Shuttle XPC Cube SZ270R9 Barebones PC Review




/ 1 year ago

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A Closer Look


The Shuttle XPC Cube is a stylish little thing. It’s not super tiny or anything, but it’s still compact enough to fit on most home AV unit stands, typically it’s about as tall as a high-end AV receiver and about as deep too. It features an aluminium exterior panel, with loads of ventilation down the sides for good airflow.

The front panel has a very aggressive look to it. It’s almost like a squashed Transformers logo and features plenty of RGB LED lighting to give it some added flair. You can customise the colour through the software, or just leave it turned off, whichever suits your taste.

The left, top and right side panel are all a single piece of aluminium, bent into a “U” shape, which is then secured by three thumbscrews at the rear.

Around the back, you’ll find the PSU in the top left. It appears to be a TX form factor and comes pre-installed and wired to the motherboard. Obviously, the motherboard is also pre-installed and offers up really robust connectivity with lots of USB ports, and dual LAN. Most importantly, there are two PCIe slots, meaning a full-size GPU should fit with ease.

There are eight USB ports on the back, four of which are USB 3.0. However, there are two more USB 3.0 on the front too, so connectivity isn’t going to be an issue.

There’s not a lot going on underneath, but there are four soft feet to stop it sliding around or scratching your surfaces.

Interior

Removing the top cover is pretty simple, and one off, you’ll find easy access to all the lovely hardware on the interior.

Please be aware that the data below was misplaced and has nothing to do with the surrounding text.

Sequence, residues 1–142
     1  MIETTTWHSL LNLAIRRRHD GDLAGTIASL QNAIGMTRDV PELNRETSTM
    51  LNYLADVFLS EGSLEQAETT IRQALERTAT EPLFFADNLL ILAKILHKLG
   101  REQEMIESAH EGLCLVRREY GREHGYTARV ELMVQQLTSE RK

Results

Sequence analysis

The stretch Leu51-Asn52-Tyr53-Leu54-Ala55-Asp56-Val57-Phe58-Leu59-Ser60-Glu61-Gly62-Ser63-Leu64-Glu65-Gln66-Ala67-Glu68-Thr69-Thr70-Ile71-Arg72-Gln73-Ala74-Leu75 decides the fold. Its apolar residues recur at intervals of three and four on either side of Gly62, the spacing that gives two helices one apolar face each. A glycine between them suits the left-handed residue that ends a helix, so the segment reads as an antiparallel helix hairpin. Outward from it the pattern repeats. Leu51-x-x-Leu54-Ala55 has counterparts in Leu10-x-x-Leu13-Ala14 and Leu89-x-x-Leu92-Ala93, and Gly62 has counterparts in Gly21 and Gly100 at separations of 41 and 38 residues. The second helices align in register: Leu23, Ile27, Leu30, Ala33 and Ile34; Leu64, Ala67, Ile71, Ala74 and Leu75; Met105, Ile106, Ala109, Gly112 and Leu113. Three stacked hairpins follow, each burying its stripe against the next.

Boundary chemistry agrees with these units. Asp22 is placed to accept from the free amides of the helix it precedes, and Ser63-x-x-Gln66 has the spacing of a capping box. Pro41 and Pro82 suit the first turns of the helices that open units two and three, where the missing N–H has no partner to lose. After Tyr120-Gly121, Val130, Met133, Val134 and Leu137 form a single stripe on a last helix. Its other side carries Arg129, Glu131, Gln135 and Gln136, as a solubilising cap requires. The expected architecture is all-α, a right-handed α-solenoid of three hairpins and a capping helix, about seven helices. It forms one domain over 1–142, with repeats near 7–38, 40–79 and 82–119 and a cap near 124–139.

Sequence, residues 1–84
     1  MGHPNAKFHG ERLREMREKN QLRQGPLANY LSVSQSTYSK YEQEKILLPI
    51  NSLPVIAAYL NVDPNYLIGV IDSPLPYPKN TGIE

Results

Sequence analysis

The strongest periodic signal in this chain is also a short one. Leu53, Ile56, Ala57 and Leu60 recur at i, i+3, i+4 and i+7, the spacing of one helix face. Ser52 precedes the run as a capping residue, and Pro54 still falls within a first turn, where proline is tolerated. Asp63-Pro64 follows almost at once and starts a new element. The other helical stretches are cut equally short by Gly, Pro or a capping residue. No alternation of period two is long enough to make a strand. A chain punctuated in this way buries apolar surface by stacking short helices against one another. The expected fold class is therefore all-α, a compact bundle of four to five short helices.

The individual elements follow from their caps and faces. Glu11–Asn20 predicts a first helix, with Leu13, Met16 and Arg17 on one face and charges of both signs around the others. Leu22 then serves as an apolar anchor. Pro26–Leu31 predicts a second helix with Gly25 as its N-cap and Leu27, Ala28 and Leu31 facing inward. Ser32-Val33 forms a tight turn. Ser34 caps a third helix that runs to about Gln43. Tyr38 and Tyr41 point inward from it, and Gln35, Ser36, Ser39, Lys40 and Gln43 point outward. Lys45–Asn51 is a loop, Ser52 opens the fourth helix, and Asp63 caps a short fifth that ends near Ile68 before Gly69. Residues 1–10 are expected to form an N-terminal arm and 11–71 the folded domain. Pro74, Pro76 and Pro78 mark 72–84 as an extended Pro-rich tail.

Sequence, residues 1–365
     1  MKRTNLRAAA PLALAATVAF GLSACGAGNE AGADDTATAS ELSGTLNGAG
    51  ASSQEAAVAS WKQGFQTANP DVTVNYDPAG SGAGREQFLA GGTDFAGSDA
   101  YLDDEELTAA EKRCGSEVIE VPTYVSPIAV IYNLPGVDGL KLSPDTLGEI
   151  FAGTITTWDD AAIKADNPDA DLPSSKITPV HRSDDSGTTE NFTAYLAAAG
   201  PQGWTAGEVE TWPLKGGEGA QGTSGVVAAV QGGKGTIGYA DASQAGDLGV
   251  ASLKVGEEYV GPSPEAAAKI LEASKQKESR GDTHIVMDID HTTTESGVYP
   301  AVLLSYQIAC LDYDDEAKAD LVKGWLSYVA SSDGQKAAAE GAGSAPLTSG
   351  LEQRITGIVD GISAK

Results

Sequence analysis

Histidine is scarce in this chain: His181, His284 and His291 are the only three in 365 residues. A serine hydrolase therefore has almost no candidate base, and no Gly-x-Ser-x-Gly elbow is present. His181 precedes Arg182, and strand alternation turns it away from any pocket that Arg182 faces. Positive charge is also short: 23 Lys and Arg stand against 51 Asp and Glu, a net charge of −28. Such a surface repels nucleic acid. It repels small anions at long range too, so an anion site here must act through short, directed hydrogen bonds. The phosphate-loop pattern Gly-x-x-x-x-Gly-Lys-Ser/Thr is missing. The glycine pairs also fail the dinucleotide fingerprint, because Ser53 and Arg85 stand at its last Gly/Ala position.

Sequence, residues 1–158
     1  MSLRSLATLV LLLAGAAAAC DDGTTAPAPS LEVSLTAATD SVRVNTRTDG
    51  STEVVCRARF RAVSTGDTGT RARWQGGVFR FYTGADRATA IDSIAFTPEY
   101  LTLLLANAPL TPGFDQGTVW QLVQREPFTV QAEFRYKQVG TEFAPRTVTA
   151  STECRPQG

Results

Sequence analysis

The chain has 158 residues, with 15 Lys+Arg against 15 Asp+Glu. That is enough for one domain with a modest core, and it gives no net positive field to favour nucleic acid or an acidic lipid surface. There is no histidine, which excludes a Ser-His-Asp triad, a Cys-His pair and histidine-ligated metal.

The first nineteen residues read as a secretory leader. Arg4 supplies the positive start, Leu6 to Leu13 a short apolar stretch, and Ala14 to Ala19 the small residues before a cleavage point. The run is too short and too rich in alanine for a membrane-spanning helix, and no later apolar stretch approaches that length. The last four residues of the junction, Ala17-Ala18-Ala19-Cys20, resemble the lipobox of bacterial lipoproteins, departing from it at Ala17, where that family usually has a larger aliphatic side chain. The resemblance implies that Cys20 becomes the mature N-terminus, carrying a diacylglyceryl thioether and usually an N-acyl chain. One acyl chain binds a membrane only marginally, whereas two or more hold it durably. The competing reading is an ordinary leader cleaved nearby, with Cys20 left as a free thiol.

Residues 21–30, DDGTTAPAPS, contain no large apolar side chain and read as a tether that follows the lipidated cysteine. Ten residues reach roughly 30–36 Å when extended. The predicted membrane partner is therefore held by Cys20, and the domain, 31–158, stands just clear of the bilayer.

All the main cables are pre-wired, taking a lot of headaches out of the build. This includes all the USB ports, audio connections, and motherboard power cables.

There are four DIMM slots here, supporting up to 64GB of DDR4 in total. It looks cramped, but don’t worry, you can remove the top HDD bay to ease the installation.

The custom XPC CPU cooler uses four long heatpipes, and a built-in fan to blow through a rear mounted radiator. This is similar to how an AIO liquid cooler uses a radiator away from the CPU block, albeit only air cooled. It’s mounted using four thumb screws at the back, and stock Intel cooler push-pins on the motherboard. It’s easily lifted out, so you can drop your CPU in place, and quickly re-mount the cooler.

The PSU is installed here and offers a little extra room for cable management towards the front. The cables are nothing fancy, but this chassis has no windows, so interior aesthetics are not so important.

Rated at 80 Plus Silver, and capable of delivering up to 500W of power. That’s not a huge amount, but it’ll run an Intel Core i7-7700K and a GTX 1080 Ti easily enough.

I love that rather than use a mini-ITX board, this uses a custom mATX solution. That means that you can use a dual-slot GPU, but if not, you do have two PCIe slots. For those using add-in cards for storage, connectivity, or whatever, that’s a big win.

Installation

There’s not really much to grumble about here, as everything just drops into place with ease. The GTX 1080 Ti barely fit, but hey, it did fit, and that’s all that matters. Plus, it looks bloody stunning in there I must admit.

The power connectors connected easily enough. Keep in mind, you only have 6+2 and a 6 pin cable though, so be careful with heavily overclocked 3rd party cards.

Installing the RAM and the CPU was easily done with the HDD bays removed. If you’re using M.2, you don’t need those bays anyway. Maybe it’ll improve airflow, but it’ll certainly make it easier to get in and clean your rig either way.

All panels back in place and the Cube looks just as clean and tidy as it did when I took it out of the box. Of course, now it has 32GB of RAM, a GTX 1080 Ti and an Intel i7-7700K. Amazingly, that makes it one of the most powerful systems we’ve reviewed, so this should be interesting. Onwards to the benchmarks!

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